Looking for allies in Europe

MEP, Jan Huitema, visits Nature's Pride

Elections for the European Parliament take place on Thursday, 23 May. In this context, the Dutch association, GroentenFruit Huis, organized several working visits. This was done to once again highlight their members' interests among candidate European Parliament members.

On Thursday, 16 May, MEP, Jan Huitema, visited the Dutch company, Nature's Pride. Jan is a member of the Dutch political party, the VVD. During the visit, the increasingly stringent plant health requirements for the international trade in fruit and vegetables was discussed.



Huitema is well aware of the problems facing the Dutch fruit and vegetable sector. These issues are in the area of the increasingly strict phytosanitary demands in this sector. Among other things, he handled the Plant Health dossier as rapporteur in the European Parliament.

Huitema indicated that it is essential to find allies within Europe. They must have the same interests as the Netherlands. This is necessary because the Netherlands is a small player in the European Union. This is true, despite the country's major import interests.

Making innovations possible
This MEP also recognizes the importance of innovation in the sector. He sees the possibilities of using European funds for this too. This money will come from the Horizon 2020 European subsidy scheme. He cites the innovations in the area of Blockchain as an example.

"It is not only important to make innovations possible for multinationals. It is also especially important for small to medium businesses too. Protecting companies' private information is a focal point of Blockchain application. This kind of innovation can surely contribute to increased transparency within the chain," he says.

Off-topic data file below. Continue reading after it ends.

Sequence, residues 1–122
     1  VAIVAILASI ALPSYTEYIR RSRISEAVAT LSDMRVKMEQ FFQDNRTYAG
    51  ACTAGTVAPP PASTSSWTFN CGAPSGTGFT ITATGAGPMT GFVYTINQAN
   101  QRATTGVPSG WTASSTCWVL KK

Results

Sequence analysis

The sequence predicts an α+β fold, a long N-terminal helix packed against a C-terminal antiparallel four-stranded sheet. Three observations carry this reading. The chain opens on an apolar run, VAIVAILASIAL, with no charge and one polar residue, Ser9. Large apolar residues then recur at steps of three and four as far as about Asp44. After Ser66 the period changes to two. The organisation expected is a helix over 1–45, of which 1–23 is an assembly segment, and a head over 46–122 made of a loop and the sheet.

Preventing import stops
Fred van Heyningen is Nature's Pride CEO. Rogier Rook is responsible for logistics at this company. They took a lot of time bringing Huitema up to speed about the obstacles they face in their day-to-day work. They did this using a bowl of mangos, avocados, pitahayas, and oranges.

These are all products that are imported from overseas. The regulations around plant health for these products are also becoming tougher and tougher. "We are moving ever-closer to a specific policy. Countries must prove that products they want to export come from areas that are free of certain pests and insects," says Rogier.

"That certainly makes it increasingly difficult for some African countries to export their goods. This is at odds with the European Commission's Agricultural Department's desire to help Africa develop. Exporting products can contribute greatly to this. Thanks to the efforts of, among others, GroentenFruit Huis, we have been able to prevent an import stop on more than one occasion."

Ripening under way
Van Heyningen adds that innovations in the area of product protection are also on the rise. Products are protected by extracting fruit and vegetables. This considerably increases these products' shelf life. This technique was first implemented in California in the US. Avocados shelf life was increased from seven to 14 days using this method.

Tests with ripening products in containers, while they are underway, have also been conducted. This technique is not yet a reality, but according to experts, this is just a matter of time.


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